I try to count words and have problems in string like this: 1. 2. 3. 4. 5.
If I count words using myTextStorage words] count] it returns 1 (one) word, but if I count words using nextWordFromIndex:, it returns 11 (eleven). And this problem exists only with numbers and period (or comma after it). If I have each number like x.x (where x is any digit) or string like this a. b. c. d. e. then it counts correctly and both methods returns 5 words.
(I know I can workaround it by counting words by counting whitespaces between them, but then it doesn’t work correctly with japanese language - that language doesn’t have whitespaces between words, but my method ( nextWordFromIndex:) works fine with any language except the case with numbers). So is there any workaround or explanation of why nextWordFromIndex: count a number with period like two words? Can anyone check is it fixed in Tiger? (Yes, I’m on Panther still)
Personally, I would avoid using [[NSTextStorage’s -words method anyway. It is slow, and so no good if you want to implement a live word count, and also it yields strange results - in one test I did, a document with over 40,000 words came up as having only just ove 2,000 word objects in the -words array.
This topic has been helpful to me - I was parsing whitespace to get my word count, but hadn’t considered how this would only be suitable for some languages. The trouble is that -nextWordFromIndex:forward: is not, according to the docs, intended for use with statistical analysis such as a word count:
“This method is intended for moving the insertion point during editing, not for linguistic analysis or parsing of text.”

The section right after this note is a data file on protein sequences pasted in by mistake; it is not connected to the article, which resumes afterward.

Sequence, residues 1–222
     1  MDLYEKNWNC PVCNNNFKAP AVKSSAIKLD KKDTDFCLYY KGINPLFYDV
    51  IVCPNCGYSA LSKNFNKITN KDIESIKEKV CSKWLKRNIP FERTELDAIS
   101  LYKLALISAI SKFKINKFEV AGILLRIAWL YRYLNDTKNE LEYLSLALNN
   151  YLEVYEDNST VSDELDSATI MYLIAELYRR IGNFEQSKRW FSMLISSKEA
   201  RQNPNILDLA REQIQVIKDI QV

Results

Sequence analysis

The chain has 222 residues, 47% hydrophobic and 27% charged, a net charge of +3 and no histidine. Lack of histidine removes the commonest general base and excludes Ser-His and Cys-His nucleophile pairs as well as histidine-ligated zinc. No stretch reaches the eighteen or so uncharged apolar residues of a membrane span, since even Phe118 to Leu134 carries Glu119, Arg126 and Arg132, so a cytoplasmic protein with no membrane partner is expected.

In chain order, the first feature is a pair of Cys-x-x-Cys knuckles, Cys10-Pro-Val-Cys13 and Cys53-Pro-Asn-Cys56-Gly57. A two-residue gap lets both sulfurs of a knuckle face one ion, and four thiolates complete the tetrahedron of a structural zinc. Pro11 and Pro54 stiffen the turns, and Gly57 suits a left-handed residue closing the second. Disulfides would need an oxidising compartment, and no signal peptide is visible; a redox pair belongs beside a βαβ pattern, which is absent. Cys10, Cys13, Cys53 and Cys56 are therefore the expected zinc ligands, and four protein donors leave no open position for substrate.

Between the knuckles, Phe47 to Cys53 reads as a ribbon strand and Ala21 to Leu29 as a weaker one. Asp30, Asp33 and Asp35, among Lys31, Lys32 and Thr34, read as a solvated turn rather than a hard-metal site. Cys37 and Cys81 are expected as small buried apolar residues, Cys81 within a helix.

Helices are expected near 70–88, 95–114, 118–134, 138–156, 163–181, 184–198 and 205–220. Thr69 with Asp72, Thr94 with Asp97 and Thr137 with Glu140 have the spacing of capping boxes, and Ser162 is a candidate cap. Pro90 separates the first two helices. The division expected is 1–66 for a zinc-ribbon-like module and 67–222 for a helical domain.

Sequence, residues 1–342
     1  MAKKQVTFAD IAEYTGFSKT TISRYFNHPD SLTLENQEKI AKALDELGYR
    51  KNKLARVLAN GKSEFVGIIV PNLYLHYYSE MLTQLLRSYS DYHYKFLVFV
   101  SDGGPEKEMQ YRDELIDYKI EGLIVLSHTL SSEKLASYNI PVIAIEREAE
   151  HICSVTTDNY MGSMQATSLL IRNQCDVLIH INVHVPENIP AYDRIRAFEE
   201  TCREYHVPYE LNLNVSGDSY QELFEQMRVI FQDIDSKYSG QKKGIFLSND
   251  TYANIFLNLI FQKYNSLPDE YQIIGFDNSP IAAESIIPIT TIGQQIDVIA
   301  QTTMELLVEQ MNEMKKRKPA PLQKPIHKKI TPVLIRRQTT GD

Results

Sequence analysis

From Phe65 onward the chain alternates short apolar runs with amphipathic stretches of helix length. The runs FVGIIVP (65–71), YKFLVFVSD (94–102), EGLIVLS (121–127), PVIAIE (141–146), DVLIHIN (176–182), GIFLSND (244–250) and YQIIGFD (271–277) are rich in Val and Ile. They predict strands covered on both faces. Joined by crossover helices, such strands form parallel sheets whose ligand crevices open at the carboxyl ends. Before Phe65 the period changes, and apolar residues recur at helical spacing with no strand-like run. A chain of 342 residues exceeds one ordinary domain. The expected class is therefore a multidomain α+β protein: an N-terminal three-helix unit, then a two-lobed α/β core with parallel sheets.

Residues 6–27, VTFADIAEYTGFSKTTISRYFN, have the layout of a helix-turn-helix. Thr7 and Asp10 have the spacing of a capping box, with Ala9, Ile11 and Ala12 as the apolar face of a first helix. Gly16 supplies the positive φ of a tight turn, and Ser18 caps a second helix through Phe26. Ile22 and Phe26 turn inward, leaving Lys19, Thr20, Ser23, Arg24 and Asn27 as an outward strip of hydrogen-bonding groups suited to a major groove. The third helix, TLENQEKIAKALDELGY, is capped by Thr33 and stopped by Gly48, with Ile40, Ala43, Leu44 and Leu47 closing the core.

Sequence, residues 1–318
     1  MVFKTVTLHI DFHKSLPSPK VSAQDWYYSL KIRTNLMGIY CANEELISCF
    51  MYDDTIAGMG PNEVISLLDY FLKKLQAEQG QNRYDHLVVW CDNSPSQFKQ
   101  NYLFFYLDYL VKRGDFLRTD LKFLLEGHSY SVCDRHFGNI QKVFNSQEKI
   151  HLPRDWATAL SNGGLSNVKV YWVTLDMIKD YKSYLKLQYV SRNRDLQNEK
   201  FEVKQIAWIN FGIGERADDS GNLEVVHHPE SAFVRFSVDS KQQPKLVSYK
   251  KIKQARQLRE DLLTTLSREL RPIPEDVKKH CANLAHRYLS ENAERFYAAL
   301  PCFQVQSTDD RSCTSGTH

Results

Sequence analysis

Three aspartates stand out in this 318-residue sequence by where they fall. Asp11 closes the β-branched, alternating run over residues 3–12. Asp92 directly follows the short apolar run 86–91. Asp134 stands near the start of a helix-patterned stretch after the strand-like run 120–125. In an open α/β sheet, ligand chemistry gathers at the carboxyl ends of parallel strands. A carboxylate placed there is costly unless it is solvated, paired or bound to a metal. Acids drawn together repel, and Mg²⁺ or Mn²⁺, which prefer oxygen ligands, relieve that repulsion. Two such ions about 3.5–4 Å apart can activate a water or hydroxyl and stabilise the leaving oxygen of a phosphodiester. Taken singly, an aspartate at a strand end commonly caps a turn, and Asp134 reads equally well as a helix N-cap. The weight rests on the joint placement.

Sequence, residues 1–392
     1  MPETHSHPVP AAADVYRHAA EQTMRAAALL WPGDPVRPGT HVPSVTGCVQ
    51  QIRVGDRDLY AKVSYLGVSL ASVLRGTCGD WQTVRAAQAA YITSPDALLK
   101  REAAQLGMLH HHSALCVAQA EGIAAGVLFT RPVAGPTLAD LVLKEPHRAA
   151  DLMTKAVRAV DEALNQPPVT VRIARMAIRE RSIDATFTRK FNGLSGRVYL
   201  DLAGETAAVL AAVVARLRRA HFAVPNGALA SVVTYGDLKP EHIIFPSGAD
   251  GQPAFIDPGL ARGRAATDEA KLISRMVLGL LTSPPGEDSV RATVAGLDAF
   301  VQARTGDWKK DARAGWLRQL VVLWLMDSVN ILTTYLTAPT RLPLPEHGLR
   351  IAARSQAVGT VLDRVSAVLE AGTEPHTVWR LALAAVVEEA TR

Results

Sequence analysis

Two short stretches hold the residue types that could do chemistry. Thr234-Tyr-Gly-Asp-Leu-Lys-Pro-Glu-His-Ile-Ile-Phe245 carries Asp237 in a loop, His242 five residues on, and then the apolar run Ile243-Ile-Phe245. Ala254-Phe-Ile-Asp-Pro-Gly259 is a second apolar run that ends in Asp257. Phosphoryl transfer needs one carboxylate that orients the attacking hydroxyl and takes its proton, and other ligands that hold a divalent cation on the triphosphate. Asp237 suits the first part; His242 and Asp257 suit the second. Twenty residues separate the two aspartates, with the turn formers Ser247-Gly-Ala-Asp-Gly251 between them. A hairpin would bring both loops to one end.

That said, Douglas Davidson, one of Apple’s text gurus, actually recommended the use of this method for precisely this purpose:
So I guess it must be safe to use. I have therefore taken this route in in my own app now.
To (hopefully) answer your question:
The way I am doing this is as follows:
This way, punctuation and whitespace doesn’t get counted.
For a live word count, you can use NSTextView’s -shouldChangeTextInRange:replacementString: and -didChangeText: to calculate the difference in word count for the changed text - that way you can have a live word count that doesn’t slow down typing on even very large documents.
Hope that is of some help. Cheers, KB
Thanks for input! I did use shouldChangeTextInRange:replacementString: and -didChangeText: but had some problems, so I would not recommend this way. It’s better to calculate everything just in shouldChangeTextInRange:replacementString:
After posting on Cocoa-dev, Aki Inoue at Apple recommended using -doubleClickAtIndex: instead of -nextWordFromIndex:, so I am now using that for the actual word count (though I use -nextWordFromIndex: still for my -wordCountForCharRange: method, as it is easier to prevent that method going out of bounds). Personally I never had any problems using both -shouldChangeTextInRange:replacementString: and -didChangeText: for my live word count - this way I can get the range of affected words before and after the change, which requires replacementString being in the context of the rest of the text. Incidentally, you need to support -shouldChangeTextInRanges:replacementStrings: under Tiger. Cheers, KB
What about using this:
NSArray *words= [myString componentsSeparatedByString:@” “]; int count = [words count];
This won’t work with japanese language.
I use NSSpellChecker’s -countWordsInString:language: method … it works quite well for me.